Picture credit: Touchpoint Politics

Winning the argument, losing the country

Winning debates is all well and good, but it does not represent political progress

Artillery Row

On Monday, University of Kent academic Matt Goodwin, Triggernometry host Konstantin Kisin, Guardian columnist Polly Toynbee, and Novara Media founder Aaron Bastani convened to argue if “Immigration [Is] Good For Britain?” As I sat in Westminster’s Emmanuel Centre, listening to the self-described “debate of our time”, I felt an unlikely kinship with Jeremy Corbyn. Repudiated by the British public in 2019, Corbyn insisted that he had lost the election, but won the argument. Likewise, Monday night felt like migration sceptics congregating to console ourselves over losing our country by winning an argument. 

By losing the country, I do not mean that opposing mass immigration is an unpopular position. As Goodwin reminded moderator Katy Balls, who opened the debate by calling it a “divisive issue”, ninety per cent of voters and eighty-six per cent of constituencies want more controls and lower net migration. Goodwin also noted that this position is popular with a public who underestimate the scale of net migration by a factor of ten. The electorate have voted to reduce immigration “to the tens of thousands” in every election for over a decade. They have received record annual increases of new arrivals instead. Now, Labour look to win the next election by default, because a third of Tories won’t vote at all. As Goodwin said, opening his remarks, they feel that they “are being lied to.”

The mood of the room was much the same. Hands raised at the start and end of the debate showed the audience was weighted immovably against immigration being good for Britain. It was confusing, then, that Bastani’s pre-planned tactic was to spend time convincing Conservative voters that their government is not conservative. Nobody on the stage or in the audience disagreed when he said Priti Patel, who presided over the unprecedented increase in immigration, is the most liberal Home Secretary Britain has ever seen. They applauded when Goodwin blamed Boris Johnson for loosening immigration laws after Brexit. Goodwin called what the government has inflicted on us “immigration austerity” — adopting the language used by Guardian critics of the Cameroon consensus. It began to sound as if Bastani had gotten lost on the way to scold a One Nation rally, and decided to deliver the same speech anyway.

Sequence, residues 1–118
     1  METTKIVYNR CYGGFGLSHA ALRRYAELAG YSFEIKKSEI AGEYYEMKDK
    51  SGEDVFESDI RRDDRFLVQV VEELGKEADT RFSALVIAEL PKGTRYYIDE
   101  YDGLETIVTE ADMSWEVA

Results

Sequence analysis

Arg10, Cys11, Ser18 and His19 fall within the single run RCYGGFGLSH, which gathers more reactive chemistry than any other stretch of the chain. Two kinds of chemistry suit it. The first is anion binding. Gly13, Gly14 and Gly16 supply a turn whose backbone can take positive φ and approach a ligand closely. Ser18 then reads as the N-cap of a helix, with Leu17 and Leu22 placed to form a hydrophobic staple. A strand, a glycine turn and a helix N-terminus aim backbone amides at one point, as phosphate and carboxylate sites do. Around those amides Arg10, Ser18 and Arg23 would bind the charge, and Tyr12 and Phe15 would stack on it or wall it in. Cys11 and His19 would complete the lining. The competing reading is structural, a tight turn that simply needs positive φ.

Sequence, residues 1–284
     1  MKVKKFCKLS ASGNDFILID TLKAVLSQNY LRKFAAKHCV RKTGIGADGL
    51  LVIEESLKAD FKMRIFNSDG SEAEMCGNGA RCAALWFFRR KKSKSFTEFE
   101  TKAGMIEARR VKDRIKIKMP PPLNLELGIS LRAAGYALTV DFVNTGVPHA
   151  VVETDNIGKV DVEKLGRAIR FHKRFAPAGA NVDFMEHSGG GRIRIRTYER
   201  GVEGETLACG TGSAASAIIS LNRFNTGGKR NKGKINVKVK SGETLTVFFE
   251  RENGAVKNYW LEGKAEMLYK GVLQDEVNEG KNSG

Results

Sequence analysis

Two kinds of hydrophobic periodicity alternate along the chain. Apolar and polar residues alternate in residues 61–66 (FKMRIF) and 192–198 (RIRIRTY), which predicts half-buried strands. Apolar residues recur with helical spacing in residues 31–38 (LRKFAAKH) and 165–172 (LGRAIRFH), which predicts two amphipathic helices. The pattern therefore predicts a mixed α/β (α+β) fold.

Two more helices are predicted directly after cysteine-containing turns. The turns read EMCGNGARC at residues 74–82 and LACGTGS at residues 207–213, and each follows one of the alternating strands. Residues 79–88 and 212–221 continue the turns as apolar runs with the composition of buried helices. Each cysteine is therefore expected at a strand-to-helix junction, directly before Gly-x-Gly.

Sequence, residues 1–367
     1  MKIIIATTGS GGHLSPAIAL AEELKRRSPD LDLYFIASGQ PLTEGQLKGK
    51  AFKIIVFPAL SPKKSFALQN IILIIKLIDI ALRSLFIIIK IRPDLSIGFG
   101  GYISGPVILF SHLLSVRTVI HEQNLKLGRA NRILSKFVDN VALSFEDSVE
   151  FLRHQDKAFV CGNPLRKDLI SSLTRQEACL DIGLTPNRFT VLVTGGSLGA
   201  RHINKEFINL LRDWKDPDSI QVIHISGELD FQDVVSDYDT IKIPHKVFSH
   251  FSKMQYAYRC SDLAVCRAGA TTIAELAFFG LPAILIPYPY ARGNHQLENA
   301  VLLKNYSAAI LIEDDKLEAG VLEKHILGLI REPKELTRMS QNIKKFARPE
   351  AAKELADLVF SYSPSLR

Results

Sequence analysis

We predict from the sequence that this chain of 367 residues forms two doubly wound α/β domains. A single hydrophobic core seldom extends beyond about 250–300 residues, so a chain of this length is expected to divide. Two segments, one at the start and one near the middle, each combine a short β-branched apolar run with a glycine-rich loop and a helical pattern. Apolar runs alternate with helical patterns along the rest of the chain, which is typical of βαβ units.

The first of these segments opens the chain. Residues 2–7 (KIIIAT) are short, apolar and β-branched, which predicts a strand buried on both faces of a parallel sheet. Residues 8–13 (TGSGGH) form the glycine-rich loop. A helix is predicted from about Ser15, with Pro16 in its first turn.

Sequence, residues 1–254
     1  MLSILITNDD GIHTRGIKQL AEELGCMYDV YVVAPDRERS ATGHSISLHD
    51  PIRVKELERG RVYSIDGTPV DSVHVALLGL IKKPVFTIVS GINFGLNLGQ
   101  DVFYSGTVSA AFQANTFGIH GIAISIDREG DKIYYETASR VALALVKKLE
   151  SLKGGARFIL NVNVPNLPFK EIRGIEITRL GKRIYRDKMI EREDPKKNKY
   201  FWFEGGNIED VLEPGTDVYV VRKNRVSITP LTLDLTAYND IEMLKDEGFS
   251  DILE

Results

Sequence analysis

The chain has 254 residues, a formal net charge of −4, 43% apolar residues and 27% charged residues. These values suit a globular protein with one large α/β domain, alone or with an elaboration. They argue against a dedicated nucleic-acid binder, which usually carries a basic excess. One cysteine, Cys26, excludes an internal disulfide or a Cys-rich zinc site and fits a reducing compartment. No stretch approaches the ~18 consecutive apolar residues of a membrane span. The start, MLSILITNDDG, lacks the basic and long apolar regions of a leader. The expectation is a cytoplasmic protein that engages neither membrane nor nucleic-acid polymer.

Toynbee took a similar approach: arguing that, if we want the same institutions imposed by Atlee, and same liberal economics imposed by Thatcher and accelerated under Blair, then the question “Is immigration good for Britain?” must be answered with “We can’t do without it.” She asked the audience to “imagine what would happen if we deported everyone who was not born here,” forecasting the collapse of the economy, NHS, and social care. It was not explained to Toynbee that just seventeen per cent of NHS staff are foreign-born; which explains why it functioned just fine before 1997.

The pro-side of the panel were tilting at free-market-and-movement windmills

Bastani buttressed her point, saying that social care is staffed by foreigners with fraudulent qualifications, whose inability to speak English proves fatal, because asset management funds seek to drive down labour costs. But their interlocutors and the audience were not supporting microwaved neoliberalism. All advocated for a rethinking of the perverse economic incentives which rely on importing millions of foreign workers. Both Kisin and Goodwin agreed that we need to retain the third of British junior doctors who plan to move abroad, and could restructure the NHS to reduce endlessly escalating operating costs. Nobody on stage opposed social care reform. 70,000 care worker visas admitted last year only filled 11,000 vacancies. Everyone wants the horrifying levels of abuse in care homes to stop. But plugging holes with net-detractors from public services won’t fix long-term economic problems. The pro-side of the panel were tilting at free-market-and-movement windmills.